Dal – spelled daal, dhal and dahl as well – is a term used for legumes (that is, lentils, beans and peas) in the Indian subcontinent. It also refers to a variety of soups or stews prepared with any of the said ingredients. Most commonly, one tends to associate dal with a curry-laden lentil concoction, and that goes for us too. In our opinion, that’s just the best. Sometimes we make it without potatoes and serve it over rice instead (which, we’re not going to lie, is ridiculously yummy), but with potatoes already in there, it turns into a one-pot complete meal AND a much more eco-friendly alternative (naturally, buying locally grown potatoes is a far better choice than imported rice). Another great alternative is to serve it over wheat berries, which gives you some rice-like chewiness from a far more sustainable food source (at least for us up here in the north).
Dal is actually a particularly dear dish to me. In fact, one could say it’s travelled the world with me! My cousin and I spent five months road-tripping/backpacking in New Zealand and Australia back in 2012, and we cooked up dal in hostel kitchens and on a portable camping stove more times than I can count. To us, that was just the perfect meal. Cheap, nourishing and easy to make a big batch of so we’d have leftovers for days. Plus warming, which you might be surprised to hear we appreciated when traveling down under – but we did. New Zealand was as amazing as it was chilly, so a bowl of hot lentil stew was pretty much always a hit come nighttime. We did impress upon fellow travelers, I should add, when we were chopping and stirring away, digging out our collection of spice jars and infusing common rooms and camp grounds with curry smells, all the while they were hitting up instant noodles. Ah, fun memories.
And then we moved to NYC, my dal and I, and there we scored the handsome neighbor across the hall together. Yep, the recipe below was the first dinner I ever made Michael! And since then, it’s become our staple dinner food. We have it as often as we can, and love it so much. Hope you will too. From a sports nutrition standpoint, this is a goldmine. Not only because you’ll meet your protein and carbohydrate requirements without a doubt, but also because you can make a big batch that will last many meals AND it reheats amazingly. Let us know what you think!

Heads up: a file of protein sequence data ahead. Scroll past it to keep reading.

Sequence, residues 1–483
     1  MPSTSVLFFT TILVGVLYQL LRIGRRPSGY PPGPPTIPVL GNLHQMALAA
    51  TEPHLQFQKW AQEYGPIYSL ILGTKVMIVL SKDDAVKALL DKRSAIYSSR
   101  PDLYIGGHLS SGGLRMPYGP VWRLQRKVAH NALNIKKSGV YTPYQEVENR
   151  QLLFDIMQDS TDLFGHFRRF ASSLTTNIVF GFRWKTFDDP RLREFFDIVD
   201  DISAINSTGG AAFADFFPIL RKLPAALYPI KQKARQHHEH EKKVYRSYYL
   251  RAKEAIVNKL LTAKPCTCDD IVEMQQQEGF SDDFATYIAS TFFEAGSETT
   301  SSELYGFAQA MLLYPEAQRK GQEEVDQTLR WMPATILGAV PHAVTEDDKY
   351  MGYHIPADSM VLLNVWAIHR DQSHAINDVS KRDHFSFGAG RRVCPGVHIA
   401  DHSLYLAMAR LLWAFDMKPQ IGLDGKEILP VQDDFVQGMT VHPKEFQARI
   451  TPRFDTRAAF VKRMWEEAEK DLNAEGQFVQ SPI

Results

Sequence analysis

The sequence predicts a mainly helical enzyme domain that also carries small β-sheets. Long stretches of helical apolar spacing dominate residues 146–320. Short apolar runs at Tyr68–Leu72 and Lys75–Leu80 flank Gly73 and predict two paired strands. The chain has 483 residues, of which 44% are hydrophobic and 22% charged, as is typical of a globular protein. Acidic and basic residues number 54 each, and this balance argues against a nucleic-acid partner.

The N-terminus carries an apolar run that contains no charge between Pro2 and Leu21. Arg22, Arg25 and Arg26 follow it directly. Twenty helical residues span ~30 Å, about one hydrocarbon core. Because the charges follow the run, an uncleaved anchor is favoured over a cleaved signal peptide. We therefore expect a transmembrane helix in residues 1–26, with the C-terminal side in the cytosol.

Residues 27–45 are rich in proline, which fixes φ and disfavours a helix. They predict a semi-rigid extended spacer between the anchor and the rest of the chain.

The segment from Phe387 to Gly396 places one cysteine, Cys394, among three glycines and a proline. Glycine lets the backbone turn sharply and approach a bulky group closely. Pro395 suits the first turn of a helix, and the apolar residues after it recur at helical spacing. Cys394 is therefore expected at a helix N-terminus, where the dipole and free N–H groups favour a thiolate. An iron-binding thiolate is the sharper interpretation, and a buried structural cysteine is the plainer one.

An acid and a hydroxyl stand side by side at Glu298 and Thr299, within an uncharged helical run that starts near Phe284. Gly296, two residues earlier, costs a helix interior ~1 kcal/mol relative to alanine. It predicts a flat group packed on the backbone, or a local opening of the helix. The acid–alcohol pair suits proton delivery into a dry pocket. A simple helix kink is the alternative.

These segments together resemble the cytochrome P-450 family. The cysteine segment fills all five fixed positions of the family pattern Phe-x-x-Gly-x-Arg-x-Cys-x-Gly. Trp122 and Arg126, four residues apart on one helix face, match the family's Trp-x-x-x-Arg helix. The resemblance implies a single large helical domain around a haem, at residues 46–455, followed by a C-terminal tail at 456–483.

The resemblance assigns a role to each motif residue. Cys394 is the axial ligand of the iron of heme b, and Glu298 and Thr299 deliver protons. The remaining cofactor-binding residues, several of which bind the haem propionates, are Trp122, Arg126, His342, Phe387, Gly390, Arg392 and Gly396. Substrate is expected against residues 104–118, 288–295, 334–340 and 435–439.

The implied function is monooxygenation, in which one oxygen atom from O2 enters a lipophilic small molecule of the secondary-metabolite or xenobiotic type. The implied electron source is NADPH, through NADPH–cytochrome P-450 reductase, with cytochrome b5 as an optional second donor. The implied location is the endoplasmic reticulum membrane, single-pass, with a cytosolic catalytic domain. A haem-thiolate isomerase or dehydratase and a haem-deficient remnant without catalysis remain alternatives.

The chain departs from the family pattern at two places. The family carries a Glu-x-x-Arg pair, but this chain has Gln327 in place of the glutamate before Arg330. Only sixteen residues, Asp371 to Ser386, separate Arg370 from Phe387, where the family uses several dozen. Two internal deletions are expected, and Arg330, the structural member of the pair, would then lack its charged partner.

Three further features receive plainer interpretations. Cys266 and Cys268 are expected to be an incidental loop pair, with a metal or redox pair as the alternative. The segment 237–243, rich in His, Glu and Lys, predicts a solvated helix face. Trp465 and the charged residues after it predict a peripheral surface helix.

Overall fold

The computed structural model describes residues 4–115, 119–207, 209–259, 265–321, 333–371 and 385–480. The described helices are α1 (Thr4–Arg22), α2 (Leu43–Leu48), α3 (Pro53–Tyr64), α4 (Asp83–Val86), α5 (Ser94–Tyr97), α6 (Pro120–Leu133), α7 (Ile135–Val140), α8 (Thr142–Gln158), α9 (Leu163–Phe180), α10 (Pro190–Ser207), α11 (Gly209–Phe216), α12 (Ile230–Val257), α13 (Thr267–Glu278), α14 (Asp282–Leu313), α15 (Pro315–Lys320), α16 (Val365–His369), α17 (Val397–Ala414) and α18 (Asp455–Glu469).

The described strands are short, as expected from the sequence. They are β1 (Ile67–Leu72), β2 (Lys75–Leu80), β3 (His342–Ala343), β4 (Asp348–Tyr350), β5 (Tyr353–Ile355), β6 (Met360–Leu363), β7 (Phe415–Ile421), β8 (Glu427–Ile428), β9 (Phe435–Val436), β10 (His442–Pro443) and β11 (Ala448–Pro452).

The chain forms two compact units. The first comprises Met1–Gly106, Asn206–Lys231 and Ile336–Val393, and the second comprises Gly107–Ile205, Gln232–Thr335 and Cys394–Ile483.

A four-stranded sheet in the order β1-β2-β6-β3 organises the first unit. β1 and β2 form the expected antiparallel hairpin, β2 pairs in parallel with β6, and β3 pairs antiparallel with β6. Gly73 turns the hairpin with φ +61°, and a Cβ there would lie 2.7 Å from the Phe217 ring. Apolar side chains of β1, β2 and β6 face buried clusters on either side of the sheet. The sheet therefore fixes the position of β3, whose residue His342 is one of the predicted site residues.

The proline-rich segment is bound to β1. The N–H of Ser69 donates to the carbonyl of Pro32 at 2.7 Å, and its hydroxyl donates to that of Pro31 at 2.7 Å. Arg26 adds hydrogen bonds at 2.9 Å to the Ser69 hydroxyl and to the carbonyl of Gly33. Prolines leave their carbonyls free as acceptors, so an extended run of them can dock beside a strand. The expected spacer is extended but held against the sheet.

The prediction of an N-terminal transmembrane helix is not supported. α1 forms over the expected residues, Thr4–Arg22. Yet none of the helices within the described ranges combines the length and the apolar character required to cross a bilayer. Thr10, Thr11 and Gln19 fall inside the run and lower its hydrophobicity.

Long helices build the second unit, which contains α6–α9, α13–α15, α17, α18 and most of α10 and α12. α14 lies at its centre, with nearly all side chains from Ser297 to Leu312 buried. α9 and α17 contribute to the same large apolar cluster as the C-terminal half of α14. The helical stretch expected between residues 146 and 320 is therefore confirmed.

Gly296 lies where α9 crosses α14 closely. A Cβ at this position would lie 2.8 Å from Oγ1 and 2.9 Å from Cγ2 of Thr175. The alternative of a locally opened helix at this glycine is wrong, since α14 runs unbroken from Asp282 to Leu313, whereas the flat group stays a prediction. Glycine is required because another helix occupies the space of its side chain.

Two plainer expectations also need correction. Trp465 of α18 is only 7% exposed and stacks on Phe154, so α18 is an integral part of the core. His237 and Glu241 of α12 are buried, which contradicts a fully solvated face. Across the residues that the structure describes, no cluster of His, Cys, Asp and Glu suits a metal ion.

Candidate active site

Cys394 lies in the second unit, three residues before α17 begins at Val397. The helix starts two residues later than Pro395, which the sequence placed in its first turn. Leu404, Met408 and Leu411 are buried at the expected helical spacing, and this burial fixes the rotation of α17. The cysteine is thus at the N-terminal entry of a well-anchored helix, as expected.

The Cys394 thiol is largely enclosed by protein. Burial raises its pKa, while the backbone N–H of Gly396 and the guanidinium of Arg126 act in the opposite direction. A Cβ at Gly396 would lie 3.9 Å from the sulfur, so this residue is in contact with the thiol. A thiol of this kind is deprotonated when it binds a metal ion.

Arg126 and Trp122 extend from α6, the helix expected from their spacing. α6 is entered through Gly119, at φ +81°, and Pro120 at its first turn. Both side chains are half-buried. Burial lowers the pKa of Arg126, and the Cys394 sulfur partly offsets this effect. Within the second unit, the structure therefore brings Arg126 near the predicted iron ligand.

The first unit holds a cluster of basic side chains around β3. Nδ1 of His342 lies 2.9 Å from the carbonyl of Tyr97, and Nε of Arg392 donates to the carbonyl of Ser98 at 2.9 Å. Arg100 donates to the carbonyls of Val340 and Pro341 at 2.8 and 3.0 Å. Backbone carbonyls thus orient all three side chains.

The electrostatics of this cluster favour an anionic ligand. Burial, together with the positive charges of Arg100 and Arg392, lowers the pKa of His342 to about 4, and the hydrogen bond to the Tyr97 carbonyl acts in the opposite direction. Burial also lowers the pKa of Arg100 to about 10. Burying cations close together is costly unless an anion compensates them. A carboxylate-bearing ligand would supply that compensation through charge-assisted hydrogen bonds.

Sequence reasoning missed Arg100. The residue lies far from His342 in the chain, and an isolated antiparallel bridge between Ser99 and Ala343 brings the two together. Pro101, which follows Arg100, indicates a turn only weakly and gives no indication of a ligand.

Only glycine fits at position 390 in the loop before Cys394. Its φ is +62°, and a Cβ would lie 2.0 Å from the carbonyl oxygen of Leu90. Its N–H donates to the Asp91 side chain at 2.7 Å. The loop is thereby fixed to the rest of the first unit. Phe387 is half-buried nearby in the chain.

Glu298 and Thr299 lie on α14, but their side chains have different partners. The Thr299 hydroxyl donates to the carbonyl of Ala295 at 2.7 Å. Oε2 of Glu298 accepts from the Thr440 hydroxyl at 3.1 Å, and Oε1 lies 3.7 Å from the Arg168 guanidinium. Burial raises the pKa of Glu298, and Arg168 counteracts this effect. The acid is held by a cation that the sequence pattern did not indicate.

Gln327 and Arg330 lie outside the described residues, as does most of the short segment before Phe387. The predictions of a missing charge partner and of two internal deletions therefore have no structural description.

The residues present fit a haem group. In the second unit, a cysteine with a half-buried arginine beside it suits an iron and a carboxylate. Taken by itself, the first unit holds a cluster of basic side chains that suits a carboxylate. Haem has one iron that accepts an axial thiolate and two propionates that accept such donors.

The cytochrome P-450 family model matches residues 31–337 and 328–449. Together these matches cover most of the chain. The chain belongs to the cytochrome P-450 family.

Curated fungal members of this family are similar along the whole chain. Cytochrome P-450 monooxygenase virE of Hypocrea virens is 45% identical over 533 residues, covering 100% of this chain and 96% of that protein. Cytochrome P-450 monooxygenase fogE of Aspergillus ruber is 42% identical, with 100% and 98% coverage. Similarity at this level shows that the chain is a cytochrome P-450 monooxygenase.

För recept på svenska, klicka här: Lins- och potatisdal
2-3 tbsp canola oil or coconut oil
1 medium yellow onion (~150 g), chopped
6 garlic cloves, minced
3 tbsp curry powder
2 tsp ground coriander
1 tbsp ground or crushed cumin
½ tsp chili powder
¼ tsp cinnamon
1 tsp salt
6 medium carrots (~600 g), chopped
3 tbsp fresh ginger (~5 cm knob), finely chopped
1 kg waxy potatoes, cubed into 2 cm pieces
6 dl red lentils, rinsed
1.2 l water
1600 g crushed tomatoes
1 can full-fat coconut milk
250 g fresh spinach or chard (if using chard, cut off the thicker part of the stalks and reserve for another dish)
Additional 1-2 tsp salt
3-4 dl raw cashew nuts or peanuts (180-240 g, or approx. ½ dl per serving)
1 ½ dl chopped cilantro
Optional: Greek yogurt
- Heat up the coconut oil in a large pot (probably the biggest one you have). Sauté onions over medium-low heat for about 5 min, before adding in the garlic. Continue cooking for another 2-3 min. Lower the heat just a little, and then add in all the spices: curry, coriander, cumin, chili, cinnamon and 1 tsp salt. Stir often to make sure it doesn’t burn, but don’t be afraid if it seems very dry – just stir away and let it get very fragrant, approx. 3 min.
- Add in the ginger and let it cook for a minute or two, before mixing in the carrots and potatoes. Stir around for another minute, then mix in the lentils. Allow one more minute of “dry” cooking.
- Turn the heat up to medium-high, and then add water, crushed tomatoes and coconut milk. Bring to a boil, and then reduce the heat to a gentle simmer. Stir often, almost every few minutes, to prevent anything from sticking to the bottom. If it seems to be thickening up too quickly, add in more water. The cooking time will vary slightly, but 20-35 min is a fair estimate. You want the potato cubes to be done, yet definitely on the firm side. Season to taste. We usually end up adding 1 ½ tsp more of salt.
- Serve in large bowls, topped with cashews, cilantro and an optional dollop of yogurt.